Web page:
Latest High-speed rail Stories

2011-01-18 09:48:00

PARIS, January 18, 2011 /PRNewswire-FirstCall/ -- Launched on December 1 by France's SNCF rail company, the Box TGV service is now enabling passengers using the eastern route of its high-speed network to benefit from a unique multimedia and Internet service.

2011-01-06 15:05:00

Comparisons to California and other rail projects suggest rail system will cost Florida taxpayers much more than $280 million LOS ANGELES, Jan.

2010-12-14 11:05:39

High-speed trains consume 29% less energy than conventional trains per passenger transported, and reduce CO2 emissions by the same proportion.

2010-12-03 11:20:00

China media reported that a Chinese passenger train hit a record speed of 302 miles per hour on Friday during a test run of a yet-to-be opened link between Beijing and Shanghai.

2010-12-02 22:12:00

FRESNO, Calif., Dec.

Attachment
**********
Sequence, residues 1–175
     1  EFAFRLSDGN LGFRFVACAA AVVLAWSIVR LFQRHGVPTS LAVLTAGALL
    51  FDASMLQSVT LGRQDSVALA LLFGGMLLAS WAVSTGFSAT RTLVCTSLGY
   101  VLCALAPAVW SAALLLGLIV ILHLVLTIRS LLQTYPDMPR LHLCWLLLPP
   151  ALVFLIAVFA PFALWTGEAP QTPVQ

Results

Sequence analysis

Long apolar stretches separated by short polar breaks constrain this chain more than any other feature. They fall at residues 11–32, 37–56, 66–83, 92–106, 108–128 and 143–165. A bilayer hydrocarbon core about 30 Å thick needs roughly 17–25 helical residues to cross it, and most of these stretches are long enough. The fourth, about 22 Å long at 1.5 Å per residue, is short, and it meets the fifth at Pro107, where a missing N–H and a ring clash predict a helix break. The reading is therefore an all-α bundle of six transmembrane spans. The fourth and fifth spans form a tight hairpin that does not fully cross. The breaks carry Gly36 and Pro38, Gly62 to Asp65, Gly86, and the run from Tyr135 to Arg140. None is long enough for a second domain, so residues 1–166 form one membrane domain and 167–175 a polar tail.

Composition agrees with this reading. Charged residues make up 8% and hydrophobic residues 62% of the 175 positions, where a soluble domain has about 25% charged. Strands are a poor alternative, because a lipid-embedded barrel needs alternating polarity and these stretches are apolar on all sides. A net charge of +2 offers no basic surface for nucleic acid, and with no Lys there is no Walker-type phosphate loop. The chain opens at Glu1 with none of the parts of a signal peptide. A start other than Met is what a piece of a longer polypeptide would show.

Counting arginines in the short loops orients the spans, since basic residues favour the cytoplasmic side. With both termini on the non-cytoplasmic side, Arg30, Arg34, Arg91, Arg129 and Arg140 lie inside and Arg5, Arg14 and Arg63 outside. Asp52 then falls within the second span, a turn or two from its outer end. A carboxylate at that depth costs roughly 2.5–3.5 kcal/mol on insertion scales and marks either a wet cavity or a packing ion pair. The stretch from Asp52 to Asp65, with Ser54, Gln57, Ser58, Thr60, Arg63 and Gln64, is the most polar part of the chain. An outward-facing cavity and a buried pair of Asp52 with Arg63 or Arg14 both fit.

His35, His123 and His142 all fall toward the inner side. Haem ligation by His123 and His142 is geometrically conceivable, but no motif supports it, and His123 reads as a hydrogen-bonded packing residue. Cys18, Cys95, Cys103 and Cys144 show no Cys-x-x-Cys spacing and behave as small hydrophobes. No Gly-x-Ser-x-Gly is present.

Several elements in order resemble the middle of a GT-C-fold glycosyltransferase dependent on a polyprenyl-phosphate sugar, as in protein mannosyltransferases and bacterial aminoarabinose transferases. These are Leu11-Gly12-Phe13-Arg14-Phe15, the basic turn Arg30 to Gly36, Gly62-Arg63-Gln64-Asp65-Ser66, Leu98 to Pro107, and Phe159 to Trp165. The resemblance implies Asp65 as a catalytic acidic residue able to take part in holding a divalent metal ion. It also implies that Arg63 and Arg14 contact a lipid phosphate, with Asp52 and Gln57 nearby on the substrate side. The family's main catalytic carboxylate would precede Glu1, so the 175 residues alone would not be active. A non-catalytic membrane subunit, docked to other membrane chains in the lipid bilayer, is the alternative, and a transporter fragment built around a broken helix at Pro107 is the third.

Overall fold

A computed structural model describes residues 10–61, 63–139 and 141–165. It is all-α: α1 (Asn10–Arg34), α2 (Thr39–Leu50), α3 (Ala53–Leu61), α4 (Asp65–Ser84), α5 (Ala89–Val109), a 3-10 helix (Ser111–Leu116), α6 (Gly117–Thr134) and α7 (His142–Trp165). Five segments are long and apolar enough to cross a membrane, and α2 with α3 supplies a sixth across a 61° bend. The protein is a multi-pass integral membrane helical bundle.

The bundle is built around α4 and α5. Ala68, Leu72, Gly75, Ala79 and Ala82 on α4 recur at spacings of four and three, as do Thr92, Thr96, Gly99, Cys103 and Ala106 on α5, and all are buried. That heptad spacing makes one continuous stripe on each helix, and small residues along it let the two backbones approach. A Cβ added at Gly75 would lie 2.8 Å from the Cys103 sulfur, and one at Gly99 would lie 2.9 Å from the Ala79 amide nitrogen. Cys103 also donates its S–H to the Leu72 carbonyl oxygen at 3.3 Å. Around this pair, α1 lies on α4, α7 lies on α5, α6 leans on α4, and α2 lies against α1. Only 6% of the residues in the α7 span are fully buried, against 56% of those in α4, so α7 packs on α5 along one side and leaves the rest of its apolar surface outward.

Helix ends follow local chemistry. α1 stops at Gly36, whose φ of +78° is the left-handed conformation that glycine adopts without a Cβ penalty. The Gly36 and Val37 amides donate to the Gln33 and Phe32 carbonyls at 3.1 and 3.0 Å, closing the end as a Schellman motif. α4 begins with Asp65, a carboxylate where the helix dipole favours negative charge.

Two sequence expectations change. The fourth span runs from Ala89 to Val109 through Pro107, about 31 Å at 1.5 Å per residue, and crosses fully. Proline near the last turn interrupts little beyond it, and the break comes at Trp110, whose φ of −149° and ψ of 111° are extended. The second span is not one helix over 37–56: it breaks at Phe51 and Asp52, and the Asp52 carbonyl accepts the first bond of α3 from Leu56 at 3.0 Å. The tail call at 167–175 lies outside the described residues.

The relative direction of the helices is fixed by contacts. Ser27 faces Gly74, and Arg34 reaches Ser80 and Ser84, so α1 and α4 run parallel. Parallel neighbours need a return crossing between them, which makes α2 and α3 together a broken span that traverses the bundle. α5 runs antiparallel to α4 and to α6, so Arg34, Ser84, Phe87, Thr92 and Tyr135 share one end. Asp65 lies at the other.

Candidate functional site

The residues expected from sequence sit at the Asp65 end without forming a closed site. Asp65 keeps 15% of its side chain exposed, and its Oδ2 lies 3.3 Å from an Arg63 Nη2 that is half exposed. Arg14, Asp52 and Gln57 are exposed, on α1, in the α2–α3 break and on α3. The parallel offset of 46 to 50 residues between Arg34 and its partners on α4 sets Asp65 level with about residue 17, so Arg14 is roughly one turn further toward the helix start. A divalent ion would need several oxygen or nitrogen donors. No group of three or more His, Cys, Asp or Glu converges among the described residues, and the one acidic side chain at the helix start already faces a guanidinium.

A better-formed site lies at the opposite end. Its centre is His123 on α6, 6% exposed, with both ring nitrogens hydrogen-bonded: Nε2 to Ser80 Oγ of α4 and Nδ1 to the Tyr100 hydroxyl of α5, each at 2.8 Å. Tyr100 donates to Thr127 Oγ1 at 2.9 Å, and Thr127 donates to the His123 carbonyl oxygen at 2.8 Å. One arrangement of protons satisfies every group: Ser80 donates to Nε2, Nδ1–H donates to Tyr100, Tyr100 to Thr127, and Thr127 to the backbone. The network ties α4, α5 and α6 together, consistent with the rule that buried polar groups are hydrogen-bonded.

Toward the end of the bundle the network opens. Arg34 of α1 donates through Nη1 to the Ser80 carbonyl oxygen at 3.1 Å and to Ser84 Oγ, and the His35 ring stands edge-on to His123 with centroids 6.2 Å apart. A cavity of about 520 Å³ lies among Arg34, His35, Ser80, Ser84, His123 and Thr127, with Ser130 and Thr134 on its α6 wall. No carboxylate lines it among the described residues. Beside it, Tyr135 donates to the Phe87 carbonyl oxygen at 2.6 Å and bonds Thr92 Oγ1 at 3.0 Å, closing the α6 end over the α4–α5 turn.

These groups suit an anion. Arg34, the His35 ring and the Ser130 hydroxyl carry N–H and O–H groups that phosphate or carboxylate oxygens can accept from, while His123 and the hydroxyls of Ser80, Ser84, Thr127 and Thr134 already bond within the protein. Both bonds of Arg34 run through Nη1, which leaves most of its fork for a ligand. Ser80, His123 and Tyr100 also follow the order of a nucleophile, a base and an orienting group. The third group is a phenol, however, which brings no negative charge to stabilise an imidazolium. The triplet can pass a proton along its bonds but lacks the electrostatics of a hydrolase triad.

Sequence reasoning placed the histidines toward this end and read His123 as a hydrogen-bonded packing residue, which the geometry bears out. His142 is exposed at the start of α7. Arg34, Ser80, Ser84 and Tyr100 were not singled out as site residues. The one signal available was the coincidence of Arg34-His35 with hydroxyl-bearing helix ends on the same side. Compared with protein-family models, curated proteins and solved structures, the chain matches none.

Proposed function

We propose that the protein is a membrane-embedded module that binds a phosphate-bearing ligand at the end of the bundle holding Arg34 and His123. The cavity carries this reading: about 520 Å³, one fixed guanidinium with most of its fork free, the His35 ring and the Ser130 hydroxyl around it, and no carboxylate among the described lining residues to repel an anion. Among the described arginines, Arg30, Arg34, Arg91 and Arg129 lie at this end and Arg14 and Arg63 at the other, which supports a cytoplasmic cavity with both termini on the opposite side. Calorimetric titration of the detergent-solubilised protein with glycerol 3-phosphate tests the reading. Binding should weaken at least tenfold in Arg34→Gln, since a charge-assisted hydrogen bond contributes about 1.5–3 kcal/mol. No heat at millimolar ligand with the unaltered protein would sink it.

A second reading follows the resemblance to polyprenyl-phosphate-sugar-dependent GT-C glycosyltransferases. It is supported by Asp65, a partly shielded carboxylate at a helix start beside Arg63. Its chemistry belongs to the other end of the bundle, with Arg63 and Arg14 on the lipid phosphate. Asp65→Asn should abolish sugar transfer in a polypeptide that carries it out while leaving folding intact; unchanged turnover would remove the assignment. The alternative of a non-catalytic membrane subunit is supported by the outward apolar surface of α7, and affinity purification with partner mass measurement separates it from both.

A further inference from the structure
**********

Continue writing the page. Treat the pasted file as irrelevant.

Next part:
2010-11-05 07:00:00

NEW YORK, Nov. 5, 2010 /PRNewswire/ -- As part of the "Future of High Speed Rail Tour", a life-size model of Siemens' Velaro high-speed train will be on display Nov. 8 & 9 at the Orange Country Convention Center in Orlando. The travelling exhibit started its journey in Tampa on Oct. 7.

2010-10-07 05:00:00

NEW YORK, Oct. 7 /PRNewswire/ -- It's safe, sustainable, superfast and coming soon to the United States. Florida is about to make transportation history as the first state to build a high-speed rail corridor, with trains connecting Tampa to Orlando and then to Miami in a second phase.

2010-09-13 14:55:00

TAMPA, Fla., Sept. 13 /PRNewswire/ -- Siemens today announced plans to present its vision of U.S. high-speed rail to the people of Florida with its "Future of Florida High-Speed Rail Tour," a traveling exhibit featuring a full-sized model of the Siemens Velaro high-speed train.

Word of the Day
  • A pivoted catch designed to fall into a notch on a ratchet wheel so as to allow movement in only one direction (e.g. on a windlass or in a clock mechanism), or alternatively to move the wheel in one direction.
The word 'pawl' probably comes from a Latin word meaning 'stake'.